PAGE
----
“What happens when we begin to find the things that connect us?…” Pam Bloom
Fifteen year olds don’t miss much. Never think they aren’t watching, reflecting upon adult behavior.
Saturday was Salisbury PRIDE and I attended with my family. I spent much of the day at my church’s booth, handing out fans, bookmarks, and water. Our location across from the dance stage provided a prime seat to see folks enjoying this community event.
Observing the families, the performers, the adults, the children, I saw genuine smiles; happy and relaxed people of all ages; politeness; eye contact. Folks were delighted for the chance to dance and sing together, to see professional entertainers, to be in a space that felt harmonious.
People were shopping, chatting, and enjoying all the freebies at the community tables, from sunscreen and water to pinwheels and fans. My 15 year old spoke of watching adults find their inner child with the gift of a pinwheel or a chance to blow bubbles. She noted the PRIDE Peacekeepers in their identifiable shirts and their kindness as they interacted with the crowd.
When an organization believes in freedom for and supports “the expression of diverse perspectives,” a PRIDE statement, perhaps you learn that kindness goes a long way toward building community. We had one person approach our church table, spewing views inconsistent with our church principles. We offered him a fan and listened quietly as the peacekeepers stood patiently behind him before he moved on.
There was also a very tall and very noticeable man dressed all in white, standing on the sidewalk in front of the public library for hours. He had many concerns and beliefs to express and share with those attending and that, in my opinion, included judgmental finger pointing. Peacekeepers stood protectively in front of him, protecting his right to speak passionately and with intensity and without being subjected to any rebuttal. PRIDE isn’t a debate stage.
I listened to his message for a while, admittedly shaking my head in disagreement. When I heard him later that afternoon his message seemed to have changed. He asked questions that seemed to border on “why can’t you believe like me” rather than his earlier challenging proclamations. His tone was different. I had to wonder if he had felt the love emanating from the crowd and I hoped he had begun to see the actual people rather than the “other” that he seemed determined to save. Would he realize he had something in common with those attending? Things like beliefs that individuals hold true and valid even if others disagree. Even his choice of dress for the day was no less spectacular or to be ignored than his community neighbors dressed in their carefully chosen PRIDE attire.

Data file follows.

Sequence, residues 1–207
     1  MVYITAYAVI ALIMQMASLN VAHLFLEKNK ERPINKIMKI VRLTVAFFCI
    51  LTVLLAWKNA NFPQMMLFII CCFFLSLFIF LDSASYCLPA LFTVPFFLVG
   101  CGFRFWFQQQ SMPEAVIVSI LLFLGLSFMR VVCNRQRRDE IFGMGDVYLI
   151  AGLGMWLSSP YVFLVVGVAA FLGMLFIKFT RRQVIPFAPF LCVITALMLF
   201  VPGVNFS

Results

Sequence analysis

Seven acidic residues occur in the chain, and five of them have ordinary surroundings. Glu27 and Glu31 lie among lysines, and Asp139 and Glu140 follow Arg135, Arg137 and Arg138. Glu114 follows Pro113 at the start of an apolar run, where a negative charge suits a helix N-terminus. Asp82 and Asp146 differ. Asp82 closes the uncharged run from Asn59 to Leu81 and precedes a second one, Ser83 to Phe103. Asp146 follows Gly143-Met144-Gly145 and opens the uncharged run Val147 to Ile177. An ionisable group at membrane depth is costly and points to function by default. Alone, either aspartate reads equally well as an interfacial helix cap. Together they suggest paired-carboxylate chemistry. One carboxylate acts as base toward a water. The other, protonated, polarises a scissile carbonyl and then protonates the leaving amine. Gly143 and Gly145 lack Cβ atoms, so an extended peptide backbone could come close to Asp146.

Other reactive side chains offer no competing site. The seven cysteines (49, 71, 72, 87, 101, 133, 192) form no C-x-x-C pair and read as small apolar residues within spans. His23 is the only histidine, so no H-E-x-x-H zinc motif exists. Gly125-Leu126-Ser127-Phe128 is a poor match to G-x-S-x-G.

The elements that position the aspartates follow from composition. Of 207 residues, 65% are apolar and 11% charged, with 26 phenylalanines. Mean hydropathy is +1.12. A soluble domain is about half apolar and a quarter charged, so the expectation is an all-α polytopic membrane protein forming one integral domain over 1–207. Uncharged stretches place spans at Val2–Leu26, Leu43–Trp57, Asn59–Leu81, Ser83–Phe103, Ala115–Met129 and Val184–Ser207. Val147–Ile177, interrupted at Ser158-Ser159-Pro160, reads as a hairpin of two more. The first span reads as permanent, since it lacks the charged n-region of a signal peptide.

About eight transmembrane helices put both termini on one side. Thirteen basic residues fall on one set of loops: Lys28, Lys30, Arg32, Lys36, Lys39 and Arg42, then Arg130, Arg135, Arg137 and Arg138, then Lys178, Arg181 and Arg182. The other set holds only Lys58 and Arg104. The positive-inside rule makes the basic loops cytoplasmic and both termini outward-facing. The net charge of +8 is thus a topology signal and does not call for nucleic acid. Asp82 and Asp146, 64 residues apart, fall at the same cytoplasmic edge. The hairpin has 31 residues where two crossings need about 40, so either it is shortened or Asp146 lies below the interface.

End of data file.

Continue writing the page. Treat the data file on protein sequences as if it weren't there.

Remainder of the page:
What happens when we begin to find the things that connect us?
When we left PRIDE around 4:30 my granddaughter pointed out the tall man in white. He now chose to sit on the steps rather than stand and point and talk. With his white clothed elbows and knees jutting outwards as he sat, I can only describe the look on his face and his posture as despondent.
My artistic granddaughter asked why I didn’t take his photograph at that moment, adding that it could be an iconic portrayal of the end of the day. I was tempted to preserve that moment for the startling visual image and, if truth be told, for my personal satisfaction. But to what end? Since I’m not a photojournalist, I felt that taking his photo at that moment would have been treating him as an object rather than a person. As an “other,” rather than as a fellow human.
I hope that joining the party helped many of us to think a bit deeper and be more considerate. Maybe we need to stop these political culture wars that are targeting our LGBTQ+ community. Perhaps, just perhaps, he and I both learned something new about the acceptance of others through experiencing PRIDE and opening our hearts. And perhaps my 15 year old observed that kindness matters and that being different from someone else is just that, being different and being human and not a label to extinguish a group’s right to exist with freedom to live their personal lives.
Pam Everhardt Bloom